A worrisome trend in child and teen obesity is becoming apparent.
According to the data collected by the National Center for Health Statistics in 1999-2000, 15% of children and teenagers ages 6-19 are overweight or obese. This amounts to almost 9 million children and teens, which is triple the number from 1980.
Also, the data suggests that another 15% of children and teens are at risk for becoming overweight in the present decade (2000-2010).
Obesity in children and teenagers is a serious problem due to the following:
It prolongs the time the individual is exposed to the health risks of obesity.
It increases the risk of developing heart disease, stroke, blood clots, diabetes type 2, and certain types of cancer at a young age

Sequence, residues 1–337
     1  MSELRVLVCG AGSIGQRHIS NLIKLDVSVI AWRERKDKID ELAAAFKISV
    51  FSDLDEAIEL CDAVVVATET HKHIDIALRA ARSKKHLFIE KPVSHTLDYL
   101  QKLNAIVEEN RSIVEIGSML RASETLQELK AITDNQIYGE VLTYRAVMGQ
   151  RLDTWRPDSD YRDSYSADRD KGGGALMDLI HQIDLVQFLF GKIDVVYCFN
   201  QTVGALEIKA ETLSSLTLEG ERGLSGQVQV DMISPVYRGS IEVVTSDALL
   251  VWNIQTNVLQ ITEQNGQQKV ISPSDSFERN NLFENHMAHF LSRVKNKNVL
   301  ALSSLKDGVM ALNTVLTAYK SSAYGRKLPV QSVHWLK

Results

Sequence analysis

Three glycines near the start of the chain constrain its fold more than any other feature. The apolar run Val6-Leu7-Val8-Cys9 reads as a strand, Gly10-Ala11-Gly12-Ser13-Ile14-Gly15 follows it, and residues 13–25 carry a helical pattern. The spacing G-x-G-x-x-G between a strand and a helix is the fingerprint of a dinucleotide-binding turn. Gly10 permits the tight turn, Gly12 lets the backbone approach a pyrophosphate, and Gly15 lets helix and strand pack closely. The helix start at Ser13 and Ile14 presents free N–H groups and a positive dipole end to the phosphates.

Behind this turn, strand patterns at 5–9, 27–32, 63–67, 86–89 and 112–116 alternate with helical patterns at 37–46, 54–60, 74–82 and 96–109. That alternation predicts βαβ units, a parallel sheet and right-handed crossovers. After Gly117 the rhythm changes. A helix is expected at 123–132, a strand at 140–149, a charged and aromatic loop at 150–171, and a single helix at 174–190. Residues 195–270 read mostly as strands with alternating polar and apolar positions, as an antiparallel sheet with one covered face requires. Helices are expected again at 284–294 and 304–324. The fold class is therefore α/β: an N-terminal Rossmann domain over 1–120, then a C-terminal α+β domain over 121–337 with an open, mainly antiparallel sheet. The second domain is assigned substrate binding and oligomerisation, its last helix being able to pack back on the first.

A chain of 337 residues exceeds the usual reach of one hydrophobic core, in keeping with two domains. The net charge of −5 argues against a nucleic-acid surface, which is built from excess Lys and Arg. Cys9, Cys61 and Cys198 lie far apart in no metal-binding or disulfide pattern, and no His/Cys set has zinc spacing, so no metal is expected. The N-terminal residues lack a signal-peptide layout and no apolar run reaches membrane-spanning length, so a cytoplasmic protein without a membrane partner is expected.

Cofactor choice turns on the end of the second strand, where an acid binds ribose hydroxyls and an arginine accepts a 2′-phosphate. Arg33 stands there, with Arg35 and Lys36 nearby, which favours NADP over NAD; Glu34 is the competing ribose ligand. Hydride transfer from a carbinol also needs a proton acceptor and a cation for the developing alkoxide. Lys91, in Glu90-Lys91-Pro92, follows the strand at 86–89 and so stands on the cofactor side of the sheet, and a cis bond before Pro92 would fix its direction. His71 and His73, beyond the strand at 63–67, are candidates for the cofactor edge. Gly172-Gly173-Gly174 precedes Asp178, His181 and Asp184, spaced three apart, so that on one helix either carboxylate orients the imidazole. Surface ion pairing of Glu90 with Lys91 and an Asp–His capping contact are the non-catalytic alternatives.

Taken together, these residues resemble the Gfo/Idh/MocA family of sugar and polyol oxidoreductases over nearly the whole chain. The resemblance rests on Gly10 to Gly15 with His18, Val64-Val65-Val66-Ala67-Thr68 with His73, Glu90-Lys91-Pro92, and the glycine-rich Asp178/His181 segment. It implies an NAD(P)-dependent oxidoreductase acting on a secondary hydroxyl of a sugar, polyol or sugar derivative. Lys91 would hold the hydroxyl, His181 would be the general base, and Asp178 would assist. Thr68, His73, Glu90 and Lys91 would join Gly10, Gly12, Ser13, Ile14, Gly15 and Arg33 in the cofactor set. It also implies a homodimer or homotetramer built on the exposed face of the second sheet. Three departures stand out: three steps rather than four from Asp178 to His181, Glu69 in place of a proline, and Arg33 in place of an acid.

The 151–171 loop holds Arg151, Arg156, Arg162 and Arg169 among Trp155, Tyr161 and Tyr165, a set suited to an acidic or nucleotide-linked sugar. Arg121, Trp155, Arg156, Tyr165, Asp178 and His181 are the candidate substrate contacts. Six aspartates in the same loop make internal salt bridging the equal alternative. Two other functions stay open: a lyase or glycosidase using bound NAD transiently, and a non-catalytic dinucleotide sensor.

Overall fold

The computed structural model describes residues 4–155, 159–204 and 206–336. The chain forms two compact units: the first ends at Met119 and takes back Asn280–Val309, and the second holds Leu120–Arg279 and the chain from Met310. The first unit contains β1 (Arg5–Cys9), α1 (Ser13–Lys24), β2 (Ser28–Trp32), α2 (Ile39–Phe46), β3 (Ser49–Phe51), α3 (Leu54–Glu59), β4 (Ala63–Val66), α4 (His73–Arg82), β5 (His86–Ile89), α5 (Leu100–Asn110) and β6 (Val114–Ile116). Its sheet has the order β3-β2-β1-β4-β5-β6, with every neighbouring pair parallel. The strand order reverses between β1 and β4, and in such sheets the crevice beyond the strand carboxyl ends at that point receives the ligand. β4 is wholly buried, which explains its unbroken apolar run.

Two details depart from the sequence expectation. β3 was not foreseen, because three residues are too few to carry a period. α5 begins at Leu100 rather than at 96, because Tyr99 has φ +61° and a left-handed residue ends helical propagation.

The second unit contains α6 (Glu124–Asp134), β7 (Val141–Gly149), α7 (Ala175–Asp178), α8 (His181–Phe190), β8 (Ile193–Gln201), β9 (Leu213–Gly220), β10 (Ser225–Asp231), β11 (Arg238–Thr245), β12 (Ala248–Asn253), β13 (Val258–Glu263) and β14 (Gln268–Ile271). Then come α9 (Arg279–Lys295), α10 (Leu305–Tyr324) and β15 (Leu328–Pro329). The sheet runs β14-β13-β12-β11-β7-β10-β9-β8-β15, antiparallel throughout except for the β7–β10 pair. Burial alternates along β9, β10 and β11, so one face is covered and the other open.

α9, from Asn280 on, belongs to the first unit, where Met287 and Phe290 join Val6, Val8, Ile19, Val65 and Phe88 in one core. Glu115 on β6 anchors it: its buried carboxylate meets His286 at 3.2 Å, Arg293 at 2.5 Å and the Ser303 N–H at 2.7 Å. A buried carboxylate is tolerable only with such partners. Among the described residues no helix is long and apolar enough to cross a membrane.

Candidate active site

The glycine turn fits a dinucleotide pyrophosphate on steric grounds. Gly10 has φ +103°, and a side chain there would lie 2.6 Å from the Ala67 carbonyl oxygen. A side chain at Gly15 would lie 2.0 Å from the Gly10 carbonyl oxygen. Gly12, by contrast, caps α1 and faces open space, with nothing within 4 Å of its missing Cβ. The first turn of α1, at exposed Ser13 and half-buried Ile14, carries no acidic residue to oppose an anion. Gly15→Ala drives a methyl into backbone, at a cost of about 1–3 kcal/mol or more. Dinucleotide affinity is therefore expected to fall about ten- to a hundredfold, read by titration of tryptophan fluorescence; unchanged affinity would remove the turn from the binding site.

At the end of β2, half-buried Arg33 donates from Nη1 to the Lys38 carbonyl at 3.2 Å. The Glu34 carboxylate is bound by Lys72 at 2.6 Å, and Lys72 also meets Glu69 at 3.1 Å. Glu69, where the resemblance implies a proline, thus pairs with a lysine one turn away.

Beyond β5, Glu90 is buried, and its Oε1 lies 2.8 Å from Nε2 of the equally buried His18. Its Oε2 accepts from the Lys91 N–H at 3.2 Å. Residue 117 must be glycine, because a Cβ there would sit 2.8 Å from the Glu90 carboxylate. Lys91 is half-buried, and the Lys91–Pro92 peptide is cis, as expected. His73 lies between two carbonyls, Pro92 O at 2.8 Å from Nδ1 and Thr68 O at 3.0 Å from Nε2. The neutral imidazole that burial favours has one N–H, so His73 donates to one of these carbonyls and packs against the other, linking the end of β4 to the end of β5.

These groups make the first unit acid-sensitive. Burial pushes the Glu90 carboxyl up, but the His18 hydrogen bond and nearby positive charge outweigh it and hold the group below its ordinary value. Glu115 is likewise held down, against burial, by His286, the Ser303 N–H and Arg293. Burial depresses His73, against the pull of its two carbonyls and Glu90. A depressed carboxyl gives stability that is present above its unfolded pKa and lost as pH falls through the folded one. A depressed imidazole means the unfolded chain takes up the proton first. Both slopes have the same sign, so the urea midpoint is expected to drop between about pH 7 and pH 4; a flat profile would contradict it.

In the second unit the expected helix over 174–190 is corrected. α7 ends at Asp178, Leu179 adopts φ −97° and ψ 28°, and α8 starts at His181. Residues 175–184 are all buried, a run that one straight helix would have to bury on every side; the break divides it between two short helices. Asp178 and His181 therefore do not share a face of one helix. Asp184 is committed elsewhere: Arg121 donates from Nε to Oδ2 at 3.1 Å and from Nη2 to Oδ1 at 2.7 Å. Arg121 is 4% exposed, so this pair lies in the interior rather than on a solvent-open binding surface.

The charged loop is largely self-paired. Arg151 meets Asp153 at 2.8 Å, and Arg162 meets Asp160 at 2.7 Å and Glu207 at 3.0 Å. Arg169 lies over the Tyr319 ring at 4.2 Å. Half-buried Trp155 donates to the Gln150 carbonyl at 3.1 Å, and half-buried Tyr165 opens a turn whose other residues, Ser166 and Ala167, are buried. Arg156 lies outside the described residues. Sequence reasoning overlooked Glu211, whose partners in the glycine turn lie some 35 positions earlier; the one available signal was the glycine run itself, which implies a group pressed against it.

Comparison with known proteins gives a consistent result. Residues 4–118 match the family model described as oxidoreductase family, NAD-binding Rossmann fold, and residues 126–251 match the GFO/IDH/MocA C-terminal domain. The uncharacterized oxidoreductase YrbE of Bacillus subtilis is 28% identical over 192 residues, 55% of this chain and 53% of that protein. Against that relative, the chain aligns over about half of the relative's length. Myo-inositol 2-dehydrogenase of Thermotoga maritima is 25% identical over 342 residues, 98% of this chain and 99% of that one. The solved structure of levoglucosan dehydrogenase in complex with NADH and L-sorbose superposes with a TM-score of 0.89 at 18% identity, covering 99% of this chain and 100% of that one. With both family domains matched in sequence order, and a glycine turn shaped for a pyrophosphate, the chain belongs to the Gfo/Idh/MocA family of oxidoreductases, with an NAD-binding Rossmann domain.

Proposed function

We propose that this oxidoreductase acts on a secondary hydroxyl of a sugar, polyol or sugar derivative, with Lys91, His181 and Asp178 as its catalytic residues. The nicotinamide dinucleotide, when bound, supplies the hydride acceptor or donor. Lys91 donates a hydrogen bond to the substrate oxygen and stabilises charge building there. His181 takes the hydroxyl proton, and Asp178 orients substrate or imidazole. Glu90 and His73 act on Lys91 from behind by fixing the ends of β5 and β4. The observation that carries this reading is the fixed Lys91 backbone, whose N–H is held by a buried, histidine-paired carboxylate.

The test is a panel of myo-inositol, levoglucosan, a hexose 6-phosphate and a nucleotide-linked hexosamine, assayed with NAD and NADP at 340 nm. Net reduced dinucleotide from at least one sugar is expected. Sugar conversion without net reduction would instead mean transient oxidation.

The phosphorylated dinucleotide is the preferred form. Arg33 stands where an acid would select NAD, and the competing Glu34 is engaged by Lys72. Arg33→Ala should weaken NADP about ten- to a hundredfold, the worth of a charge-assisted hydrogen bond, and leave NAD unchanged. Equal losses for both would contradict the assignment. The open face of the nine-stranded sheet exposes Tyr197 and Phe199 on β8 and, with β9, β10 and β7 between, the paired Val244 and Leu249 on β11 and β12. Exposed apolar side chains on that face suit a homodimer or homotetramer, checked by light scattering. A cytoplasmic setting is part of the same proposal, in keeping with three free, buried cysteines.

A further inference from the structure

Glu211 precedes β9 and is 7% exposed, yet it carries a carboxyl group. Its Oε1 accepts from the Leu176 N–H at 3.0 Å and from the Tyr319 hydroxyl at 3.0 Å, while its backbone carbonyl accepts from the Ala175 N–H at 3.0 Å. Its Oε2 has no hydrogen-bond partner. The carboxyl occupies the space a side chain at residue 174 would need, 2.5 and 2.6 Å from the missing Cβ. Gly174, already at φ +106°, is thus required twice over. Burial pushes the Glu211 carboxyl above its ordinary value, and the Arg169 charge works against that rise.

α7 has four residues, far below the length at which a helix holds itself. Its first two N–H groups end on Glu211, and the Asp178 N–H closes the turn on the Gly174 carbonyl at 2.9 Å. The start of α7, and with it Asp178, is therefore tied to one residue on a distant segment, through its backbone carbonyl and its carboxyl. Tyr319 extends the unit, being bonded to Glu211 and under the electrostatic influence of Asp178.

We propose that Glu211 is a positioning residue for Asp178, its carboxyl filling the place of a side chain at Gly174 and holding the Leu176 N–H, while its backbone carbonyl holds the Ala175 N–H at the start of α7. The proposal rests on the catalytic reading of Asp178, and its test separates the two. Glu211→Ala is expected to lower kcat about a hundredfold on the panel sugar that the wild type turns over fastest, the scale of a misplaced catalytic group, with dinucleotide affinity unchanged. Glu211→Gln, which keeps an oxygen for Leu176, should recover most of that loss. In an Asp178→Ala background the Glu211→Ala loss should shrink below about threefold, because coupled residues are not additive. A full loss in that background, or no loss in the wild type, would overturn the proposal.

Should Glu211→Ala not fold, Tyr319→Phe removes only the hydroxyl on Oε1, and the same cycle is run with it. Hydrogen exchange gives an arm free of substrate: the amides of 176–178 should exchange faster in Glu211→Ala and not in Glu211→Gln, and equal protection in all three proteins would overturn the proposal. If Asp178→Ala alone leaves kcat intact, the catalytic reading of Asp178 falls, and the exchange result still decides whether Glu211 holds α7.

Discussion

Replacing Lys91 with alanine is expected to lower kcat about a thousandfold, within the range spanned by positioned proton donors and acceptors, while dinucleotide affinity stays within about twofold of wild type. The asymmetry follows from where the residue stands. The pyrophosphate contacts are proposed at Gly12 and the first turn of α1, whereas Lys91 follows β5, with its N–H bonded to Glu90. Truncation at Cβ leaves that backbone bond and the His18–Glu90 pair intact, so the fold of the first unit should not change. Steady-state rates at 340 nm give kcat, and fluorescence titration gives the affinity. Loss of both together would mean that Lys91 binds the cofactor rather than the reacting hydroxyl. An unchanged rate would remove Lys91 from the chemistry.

It creates psychological problems related to a poor body image, and may lead to strained relationships with peers.
Unfortunately, it appears that individuals who are overweight beginning at a young age tend to be more refractory to measures meant to normalize their weight. As such, the problem is more likely to persist and worsen in the long run.
This being said, the role of the parents in such situations is paramount. Careful supervision of the child's food intake is required. Avoidance of fast food and junk food are essential. Evaluation of the child or teen by a nutritionist is extremely useful in establishing a proper diet, and providing the parent with the needed information.